Less than a week before I began reading Julie Lusk’s words about yoga nidra (not just the blurbs and acknowledgements sections), I signed up for a yoga class. Not just any yoga class, but one geared to the (very) young. This came about when I was invited to accompany my wife’s grandson to a class across the street at our local art institute.

What could go wrong? Maybe I’d get insights about yoga to help with the review of Julie’s book.

Upon arrival, I looked around at my fellow classmates. I sensed I was in the right place. I have a competitive nature and could not help but notice that I had at least 70 years on everyone in the room, except for the parents. (With them my advantage was only about 50 years). I figured I could use this experience and a bit of cunning to stand out, to crush the little tykes with athletic moves. If running about in circles were involved, I’d exhaust the tots with endurance and speed.

Oh, I know yoga is not supposed to be competitive, nor should the gifted flaunt their prowess, but being a one-time class superstar would be harmless fun, I suspected. Who knows, maybe I’ll be invited to teach the next class.

Well, things did not turn out that way. In fact, the opposite proved true. The five to seven-year-olds effortlessly performed poses I suspect were copied from Cirque du Soleil. When, 20 or so minutes into the contortions, the teacher instructed everyone to leap up and run around the room, I struggled to my feet. I had barely begun to lurch forward when a hoard of tots came charging by on their second loop around the room.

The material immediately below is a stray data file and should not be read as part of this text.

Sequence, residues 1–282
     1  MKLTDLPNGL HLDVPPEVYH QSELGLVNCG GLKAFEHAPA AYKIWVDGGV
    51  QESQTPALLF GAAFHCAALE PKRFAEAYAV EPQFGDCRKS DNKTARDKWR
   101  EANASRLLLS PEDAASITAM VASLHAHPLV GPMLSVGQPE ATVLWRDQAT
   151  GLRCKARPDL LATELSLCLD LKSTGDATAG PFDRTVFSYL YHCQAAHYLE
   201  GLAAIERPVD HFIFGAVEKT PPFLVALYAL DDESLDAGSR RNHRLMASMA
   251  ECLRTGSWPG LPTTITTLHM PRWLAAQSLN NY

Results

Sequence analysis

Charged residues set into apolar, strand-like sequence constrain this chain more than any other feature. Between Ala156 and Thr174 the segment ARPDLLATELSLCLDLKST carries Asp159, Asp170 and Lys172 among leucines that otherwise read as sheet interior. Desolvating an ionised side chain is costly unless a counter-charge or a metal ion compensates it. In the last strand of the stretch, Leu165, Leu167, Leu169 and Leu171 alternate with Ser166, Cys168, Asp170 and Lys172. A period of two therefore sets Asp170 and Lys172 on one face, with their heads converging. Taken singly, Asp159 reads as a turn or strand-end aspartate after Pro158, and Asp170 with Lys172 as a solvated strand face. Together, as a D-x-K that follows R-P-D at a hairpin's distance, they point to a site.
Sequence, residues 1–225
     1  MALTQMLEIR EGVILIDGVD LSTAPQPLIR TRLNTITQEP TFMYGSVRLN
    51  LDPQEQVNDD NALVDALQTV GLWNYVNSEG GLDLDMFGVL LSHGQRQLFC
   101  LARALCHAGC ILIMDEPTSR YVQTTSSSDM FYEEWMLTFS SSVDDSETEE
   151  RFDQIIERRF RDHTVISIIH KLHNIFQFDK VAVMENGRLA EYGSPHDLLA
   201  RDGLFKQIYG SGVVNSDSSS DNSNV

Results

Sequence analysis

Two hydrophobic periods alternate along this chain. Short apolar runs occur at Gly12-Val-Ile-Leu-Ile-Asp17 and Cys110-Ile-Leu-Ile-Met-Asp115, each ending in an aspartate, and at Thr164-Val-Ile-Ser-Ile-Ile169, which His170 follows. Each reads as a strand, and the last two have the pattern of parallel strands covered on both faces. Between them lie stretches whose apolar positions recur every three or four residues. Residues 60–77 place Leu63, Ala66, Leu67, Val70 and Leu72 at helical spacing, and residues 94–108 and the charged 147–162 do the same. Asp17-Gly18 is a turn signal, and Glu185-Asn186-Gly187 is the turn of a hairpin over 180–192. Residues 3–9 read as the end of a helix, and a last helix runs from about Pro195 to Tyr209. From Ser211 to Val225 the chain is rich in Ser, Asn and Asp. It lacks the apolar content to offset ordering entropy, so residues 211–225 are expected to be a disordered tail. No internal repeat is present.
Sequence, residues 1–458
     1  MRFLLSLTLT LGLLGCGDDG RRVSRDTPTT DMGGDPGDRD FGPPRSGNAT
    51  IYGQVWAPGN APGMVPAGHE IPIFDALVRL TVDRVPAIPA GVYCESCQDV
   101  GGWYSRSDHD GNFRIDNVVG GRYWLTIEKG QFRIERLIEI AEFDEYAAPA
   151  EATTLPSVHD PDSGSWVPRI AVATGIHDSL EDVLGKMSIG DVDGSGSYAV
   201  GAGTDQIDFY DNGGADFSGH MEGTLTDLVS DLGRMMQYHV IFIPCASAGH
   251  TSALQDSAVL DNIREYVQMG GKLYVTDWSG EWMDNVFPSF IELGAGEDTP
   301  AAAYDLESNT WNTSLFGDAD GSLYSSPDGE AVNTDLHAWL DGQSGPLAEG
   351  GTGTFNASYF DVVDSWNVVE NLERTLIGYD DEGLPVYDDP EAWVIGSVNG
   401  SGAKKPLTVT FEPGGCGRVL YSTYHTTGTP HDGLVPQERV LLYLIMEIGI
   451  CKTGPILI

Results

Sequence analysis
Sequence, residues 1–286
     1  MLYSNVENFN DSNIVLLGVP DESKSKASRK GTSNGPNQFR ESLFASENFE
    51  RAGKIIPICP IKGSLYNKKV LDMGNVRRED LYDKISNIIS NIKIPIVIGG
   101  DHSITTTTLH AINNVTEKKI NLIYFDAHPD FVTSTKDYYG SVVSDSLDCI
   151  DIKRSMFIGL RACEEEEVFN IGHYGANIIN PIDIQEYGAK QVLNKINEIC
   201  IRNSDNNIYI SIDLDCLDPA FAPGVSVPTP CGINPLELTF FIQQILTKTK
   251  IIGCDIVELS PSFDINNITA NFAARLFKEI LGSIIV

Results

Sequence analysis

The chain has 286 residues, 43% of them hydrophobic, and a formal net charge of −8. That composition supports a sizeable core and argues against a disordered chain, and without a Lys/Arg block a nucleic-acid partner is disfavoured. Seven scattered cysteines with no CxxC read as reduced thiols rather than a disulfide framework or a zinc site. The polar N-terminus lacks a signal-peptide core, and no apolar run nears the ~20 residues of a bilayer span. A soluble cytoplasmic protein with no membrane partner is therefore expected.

When the bell rang giving near-sacred relief, I was exhausted and sore. I knew for sure, after one last failed attempt, that yoga was not for me. How could I give a glowing review, as was my desire, to Julie’s book?

Encouragement from the Author

I sent an e-mail to Julie, mentioning that in order to get in the proper frame of mind to review the book, I had accompanied my wife and grandson to a kid’s yoga class. I mentioned that it was much harden than any triathlon I did last year. I enclosed two photos taken during class.

Julie replied in short order:

These pictures made my day!!! Yoga is all about joyfulness-and you and your family found it, judging from the looks on everybody’s faces, especially the little tyke. His grin gives me a grin every time. As for you, I’m happy you’re taking a dip. But the teacher in me can’t resist, especially when it comes to safety. See how your knees are… well up around your ears in sitting? To protect your knees and keep the proper curve in your back, they need to be below the hip crest or touching the floor. They’re probably up there due to tight hamstrings from all the other good stuff you do. The answer is simply to sit on cushions to lower your knees. Gotta take care of those knees! Doing hip openers will help too, but that’s a long-run solution. But once again, “real” yoga is ultimately about unconditional joy. BTW, the only posture needed for what’s in my book is lying on your back.